Household wealth rises despite recession but pensions neglected

Julian Harris
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BRITONS’ household wealth continued to grow between 2006-08 and 2008-10, but official figures revealed yesterday that nearly two thirds of people are failing to put any money into a private pension.

Total household wealth – which includes property wealth, funds from pensions, and other financial assets – grew by 12.9 per cent to £10.3 trillion between 2006-08 and 2008-10, the Office for National Statistics (ONS) announced.

The rise “was mainly down to an increase in pension wealth,” the report said, yet also revealed that a huge number of people are not saving for their own retirements.

Across the UK, “64 per cent of people were not paying in to a private pension in 2008-10, with 42 per cent of adults having no private pension savings at all,” it said.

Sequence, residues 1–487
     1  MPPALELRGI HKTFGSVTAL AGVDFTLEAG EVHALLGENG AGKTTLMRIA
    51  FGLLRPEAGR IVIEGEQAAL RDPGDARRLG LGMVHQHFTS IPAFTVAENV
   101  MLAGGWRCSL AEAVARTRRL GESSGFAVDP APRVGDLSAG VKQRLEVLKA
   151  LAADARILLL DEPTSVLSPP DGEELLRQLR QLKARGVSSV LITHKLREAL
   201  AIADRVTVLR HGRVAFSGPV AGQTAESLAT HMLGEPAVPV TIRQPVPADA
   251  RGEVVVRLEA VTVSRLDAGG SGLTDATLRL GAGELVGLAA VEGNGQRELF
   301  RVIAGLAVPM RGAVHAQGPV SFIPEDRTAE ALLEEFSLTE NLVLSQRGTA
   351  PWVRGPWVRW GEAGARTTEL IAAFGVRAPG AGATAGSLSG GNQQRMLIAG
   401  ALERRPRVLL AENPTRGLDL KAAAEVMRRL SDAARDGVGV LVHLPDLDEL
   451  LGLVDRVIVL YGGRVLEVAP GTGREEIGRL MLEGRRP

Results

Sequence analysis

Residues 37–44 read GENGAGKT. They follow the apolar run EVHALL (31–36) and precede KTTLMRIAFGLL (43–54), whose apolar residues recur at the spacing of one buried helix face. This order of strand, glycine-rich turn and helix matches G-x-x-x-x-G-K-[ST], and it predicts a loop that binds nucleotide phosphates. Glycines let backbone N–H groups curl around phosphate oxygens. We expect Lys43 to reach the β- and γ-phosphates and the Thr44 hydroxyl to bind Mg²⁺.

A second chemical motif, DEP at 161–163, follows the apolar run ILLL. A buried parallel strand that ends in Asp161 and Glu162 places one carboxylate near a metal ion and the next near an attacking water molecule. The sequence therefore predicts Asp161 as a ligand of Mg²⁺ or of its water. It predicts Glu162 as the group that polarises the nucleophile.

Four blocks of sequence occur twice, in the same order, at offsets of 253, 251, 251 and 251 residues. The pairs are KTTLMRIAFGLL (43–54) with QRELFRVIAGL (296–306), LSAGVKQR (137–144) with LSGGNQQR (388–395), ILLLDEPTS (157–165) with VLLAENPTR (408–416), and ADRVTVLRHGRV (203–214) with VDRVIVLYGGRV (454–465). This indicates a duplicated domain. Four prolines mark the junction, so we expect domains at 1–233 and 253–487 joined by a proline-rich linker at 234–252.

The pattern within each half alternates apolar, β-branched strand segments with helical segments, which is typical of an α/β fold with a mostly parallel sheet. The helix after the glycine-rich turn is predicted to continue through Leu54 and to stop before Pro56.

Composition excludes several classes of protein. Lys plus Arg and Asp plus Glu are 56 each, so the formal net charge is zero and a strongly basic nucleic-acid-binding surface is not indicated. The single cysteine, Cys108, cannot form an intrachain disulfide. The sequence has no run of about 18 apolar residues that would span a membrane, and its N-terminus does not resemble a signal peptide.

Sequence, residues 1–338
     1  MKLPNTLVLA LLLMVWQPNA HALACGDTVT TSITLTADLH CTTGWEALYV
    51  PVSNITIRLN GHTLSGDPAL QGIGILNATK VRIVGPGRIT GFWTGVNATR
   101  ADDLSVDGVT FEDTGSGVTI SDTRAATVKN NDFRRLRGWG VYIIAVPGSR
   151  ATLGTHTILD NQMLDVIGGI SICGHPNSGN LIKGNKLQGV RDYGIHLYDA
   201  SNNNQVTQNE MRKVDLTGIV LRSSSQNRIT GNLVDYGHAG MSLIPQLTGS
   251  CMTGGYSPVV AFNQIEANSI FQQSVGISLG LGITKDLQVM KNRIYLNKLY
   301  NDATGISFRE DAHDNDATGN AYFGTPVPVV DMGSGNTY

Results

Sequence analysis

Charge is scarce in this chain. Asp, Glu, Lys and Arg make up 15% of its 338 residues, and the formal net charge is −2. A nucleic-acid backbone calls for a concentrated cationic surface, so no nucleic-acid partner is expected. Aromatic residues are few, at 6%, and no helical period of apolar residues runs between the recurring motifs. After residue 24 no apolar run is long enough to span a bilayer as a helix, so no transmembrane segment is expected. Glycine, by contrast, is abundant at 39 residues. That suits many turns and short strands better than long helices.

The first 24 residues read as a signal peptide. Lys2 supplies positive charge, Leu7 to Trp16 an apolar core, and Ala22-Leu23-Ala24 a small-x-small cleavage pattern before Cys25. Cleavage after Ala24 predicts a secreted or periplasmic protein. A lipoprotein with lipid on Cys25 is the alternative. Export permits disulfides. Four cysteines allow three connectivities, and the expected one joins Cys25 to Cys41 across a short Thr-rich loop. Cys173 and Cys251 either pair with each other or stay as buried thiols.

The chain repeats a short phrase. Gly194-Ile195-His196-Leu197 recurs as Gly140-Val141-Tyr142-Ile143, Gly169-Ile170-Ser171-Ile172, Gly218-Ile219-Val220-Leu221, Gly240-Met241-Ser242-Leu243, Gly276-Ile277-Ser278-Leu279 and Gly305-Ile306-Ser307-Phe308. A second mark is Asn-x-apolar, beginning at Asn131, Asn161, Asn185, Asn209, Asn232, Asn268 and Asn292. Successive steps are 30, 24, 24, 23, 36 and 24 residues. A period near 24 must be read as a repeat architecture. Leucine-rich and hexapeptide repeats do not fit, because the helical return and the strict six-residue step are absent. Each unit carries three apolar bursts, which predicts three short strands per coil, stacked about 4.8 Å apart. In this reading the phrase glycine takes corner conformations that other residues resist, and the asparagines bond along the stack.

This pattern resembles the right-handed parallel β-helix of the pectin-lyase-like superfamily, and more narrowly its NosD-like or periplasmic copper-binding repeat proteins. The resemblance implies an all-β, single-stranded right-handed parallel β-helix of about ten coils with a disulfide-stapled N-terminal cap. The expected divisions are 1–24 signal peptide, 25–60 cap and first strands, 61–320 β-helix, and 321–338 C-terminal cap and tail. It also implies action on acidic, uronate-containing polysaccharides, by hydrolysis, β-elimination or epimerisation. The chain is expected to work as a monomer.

Furthermore, the figures revealed wide variations in the distribution of wealth. Regionally, wealth was, on average, highest in the south east of the country. The average level of total wealth for a household in the south east was over half a million pounds (£562,000) in 2008-10.

In the north east of England, by comparison, the mean level of wealth was £322,000, while for the UK the average was £418,000.

The top 10 per cent of households held 43.7 per cent of total household wealth (at £4.5 trillion) in 2008-10 the figures showed. Yet this proportion was slightly down on the 43.9 per cent of household wealth that the top 10 per cent held in 2006-08.

“The wealth of the very rich is growing at an ever-increasing rate, even as the economy sinks into double dip recession,” the TUC’s Brendan Barber complained. Yet Sam Bowman from the Adam Smith Institute said inequality “is a result of regional differences in the cost of living... and if we want to cut it we should be fighting corporate welfare and cutting taxes for the poor.”